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Broadsheet featuring the ballads 'The Battle of Algiers' and "My Village Fair'.

Date: 1816
Dimensions:
Overall: 223 x 185 mm, 0.022 kg
Medium: Woodcut engraving and printed text on paper mounted on card.
Credit Line: ANMM Collection
Classification:Ephemera
Object Name: Broadsheet
Object No: 00017426
Place Manufactured:Strood

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    Description
    Two ballads titled 'The Battle of Algiers' and 'My Village Fair'. The ballad 'The Battle of Algiers' gives an account of the bombardment of Algiers in 1816 by a British and Dutch naval force under the command of Edward Pellew (Lord Exmouth). It was an attempt to stop the piracy of the Bay of Algiers and the enslavement of Europeans
    SignificanceBroadsheets were designed as printed ephemera to be published and distributed rapidly. This also meant they were quickly disposed of with many of them not surviving the test of time. The museum's broadsheet collection is therefore a rare and valuable example of how maritime history was communicated to a wide audience, particularly in the 18th and 19th centuries. They vibrantly illustrate many of the themes and myths surrounding life at sea. Some of them also detail stories about transportation, migration.
    HistoryMY VILLAGE FAIR.

    To my village fair no lass can compare,
    For innocence and native grace,
    She boasts not of wealth, though the pure bloom of health,
    Shews forth in her beautiful face;
    Such a form ne'er was seen, as she trips o'er the green,
    And her heart free from guile and from scheme,
    She lives near the mill at the top of the hill,
    But I dont mean to tell you her name,
    Oh no I don't mean to tell you her name.

    Her luxuriant hair so bewitchingly fair,
    As it sportively plays in the wind,
    Her bright beaming eye, like the pale blue sky,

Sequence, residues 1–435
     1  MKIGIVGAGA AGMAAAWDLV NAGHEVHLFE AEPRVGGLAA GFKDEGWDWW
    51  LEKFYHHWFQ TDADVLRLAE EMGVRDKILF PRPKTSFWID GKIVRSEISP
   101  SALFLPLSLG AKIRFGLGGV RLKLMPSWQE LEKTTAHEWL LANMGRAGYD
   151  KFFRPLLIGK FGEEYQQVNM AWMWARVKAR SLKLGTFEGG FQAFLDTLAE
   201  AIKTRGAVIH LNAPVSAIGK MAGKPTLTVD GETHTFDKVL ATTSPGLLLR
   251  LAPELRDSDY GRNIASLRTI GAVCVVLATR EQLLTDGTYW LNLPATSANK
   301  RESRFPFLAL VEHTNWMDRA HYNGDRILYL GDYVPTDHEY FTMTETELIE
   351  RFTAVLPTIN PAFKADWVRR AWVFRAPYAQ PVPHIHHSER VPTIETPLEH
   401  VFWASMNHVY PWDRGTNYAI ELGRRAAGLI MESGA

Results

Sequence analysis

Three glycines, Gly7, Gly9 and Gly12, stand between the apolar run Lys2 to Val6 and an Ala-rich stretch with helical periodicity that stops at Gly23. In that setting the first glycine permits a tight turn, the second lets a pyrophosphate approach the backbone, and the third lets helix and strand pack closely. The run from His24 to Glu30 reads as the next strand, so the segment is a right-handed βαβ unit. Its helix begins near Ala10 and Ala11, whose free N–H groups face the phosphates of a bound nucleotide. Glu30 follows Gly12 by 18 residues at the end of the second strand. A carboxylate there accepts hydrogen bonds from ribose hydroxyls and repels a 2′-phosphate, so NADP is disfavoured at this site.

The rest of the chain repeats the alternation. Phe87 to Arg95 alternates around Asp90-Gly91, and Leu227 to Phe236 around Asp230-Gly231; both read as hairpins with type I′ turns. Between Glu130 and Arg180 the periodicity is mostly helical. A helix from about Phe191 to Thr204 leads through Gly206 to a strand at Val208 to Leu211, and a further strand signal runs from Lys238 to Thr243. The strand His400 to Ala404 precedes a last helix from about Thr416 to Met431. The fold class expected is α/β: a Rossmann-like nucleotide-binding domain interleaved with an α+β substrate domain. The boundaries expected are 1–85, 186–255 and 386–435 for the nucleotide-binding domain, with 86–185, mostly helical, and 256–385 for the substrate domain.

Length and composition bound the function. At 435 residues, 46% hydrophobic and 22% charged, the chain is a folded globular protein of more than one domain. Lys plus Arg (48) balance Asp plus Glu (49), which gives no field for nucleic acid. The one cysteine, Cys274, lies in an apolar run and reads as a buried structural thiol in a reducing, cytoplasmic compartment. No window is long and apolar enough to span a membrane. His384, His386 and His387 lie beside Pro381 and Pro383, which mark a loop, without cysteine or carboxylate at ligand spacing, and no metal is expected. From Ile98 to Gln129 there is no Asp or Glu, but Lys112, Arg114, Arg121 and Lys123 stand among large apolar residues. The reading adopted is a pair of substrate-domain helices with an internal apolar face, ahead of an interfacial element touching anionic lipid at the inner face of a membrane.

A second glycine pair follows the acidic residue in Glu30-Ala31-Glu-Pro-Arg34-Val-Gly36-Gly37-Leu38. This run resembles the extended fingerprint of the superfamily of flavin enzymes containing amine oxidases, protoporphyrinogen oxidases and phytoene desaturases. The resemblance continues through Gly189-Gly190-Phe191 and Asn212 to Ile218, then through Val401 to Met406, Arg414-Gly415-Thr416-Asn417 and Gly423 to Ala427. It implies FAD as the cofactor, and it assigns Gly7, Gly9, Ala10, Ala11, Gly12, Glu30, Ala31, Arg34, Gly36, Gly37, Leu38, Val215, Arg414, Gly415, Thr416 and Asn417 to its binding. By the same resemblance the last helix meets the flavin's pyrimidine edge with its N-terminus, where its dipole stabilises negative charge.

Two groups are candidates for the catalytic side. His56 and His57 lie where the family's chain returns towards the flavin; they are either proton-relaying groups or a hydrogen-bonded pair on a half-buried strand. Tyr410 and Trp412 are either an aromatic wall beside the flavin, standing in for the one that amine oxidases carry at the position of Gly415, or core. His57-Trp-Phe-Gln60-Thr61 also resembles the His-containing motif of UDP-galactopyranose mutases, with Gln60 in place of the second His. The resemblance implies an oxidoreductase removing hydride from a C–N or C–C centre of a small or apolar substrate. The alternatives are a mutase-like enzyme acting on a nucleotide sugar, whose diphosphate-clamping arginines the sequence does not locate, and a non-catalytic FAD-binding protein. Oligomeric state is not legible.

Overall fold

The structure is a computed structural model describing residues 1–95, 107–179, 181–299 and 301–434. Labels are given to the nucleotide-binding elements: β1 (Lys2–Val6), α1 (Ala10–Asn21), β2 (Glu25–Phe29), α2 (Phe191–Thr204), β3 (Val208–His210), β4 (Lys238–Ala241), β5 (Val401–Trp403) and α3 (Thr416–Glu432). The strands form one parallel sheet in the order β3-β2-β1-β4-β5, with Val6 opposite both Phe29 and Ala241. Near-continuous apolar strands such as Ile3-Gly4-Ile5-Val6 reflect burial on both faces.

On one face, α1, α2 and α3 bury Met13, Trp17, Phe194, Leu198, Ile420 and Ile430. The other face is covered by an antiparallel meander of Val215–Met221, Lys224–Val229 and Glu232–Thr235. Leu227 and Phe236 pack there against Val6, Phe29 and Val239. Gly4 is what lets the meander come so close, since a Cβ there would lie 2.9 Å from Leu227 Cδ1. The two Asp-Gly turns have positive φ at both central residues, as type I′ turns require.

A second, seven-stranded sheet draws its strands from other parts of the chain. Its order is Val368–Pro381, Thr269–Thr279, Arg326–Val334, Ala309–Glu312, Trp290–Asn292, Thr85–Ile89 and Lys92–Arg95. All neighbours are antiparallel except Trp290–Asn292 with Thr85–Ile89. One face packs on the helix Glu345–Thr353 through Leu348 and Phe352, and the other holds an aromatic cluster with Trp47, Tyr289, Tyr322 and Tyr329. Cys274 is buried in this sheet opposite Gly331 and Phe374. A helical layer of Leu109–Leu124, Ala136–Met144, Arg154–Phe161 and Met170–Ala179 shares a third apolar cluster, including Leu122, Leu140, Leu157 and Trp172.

As an emblem so pure of the mind,
    The sound of her voice makes my fond heart rejoice,
    My love oh what mortal can blame,
    She lives near the mill at the top of the hill,
    But I dont mean to tell you her name,
    Oh no I don't mean to tell you her name.

    The lord and the squire, altho' they rank higher,
    Endeavour her favor to gain;
    Let them try how they may, they still with have nay,
    And they'll find all their labor in vain.
    It was only last night, as we walk'd by the moonlight,
    She owned she for me felt love's flame;
    Yet she lives near the mill at the top of the hill,
    But I dont mean to tell you her name,
    Oh no I don't mean to tell you her name.

    How happy I'll be when united I see,
    Myself with this beautiful fair,
    When to me she'll impart her hand & her heart,
    No bliss to my joys can compare;
    When in wedlock we're join'd, then our hearts will combine,
    And cupid our love will inflame,
    While we sport round the hill, where she lives near the mill,
    And that day I shall tell you her name,
    O yes that day I shall tell you her name.

    THE BATTLE OF ALGIERS.

    COME all you Britons stout and bold, that love your native land,
    Rejoicing in our victory, Lord Exmouth gave command,
    Lord Exmouth will your rights maintain, as you shall plainly see,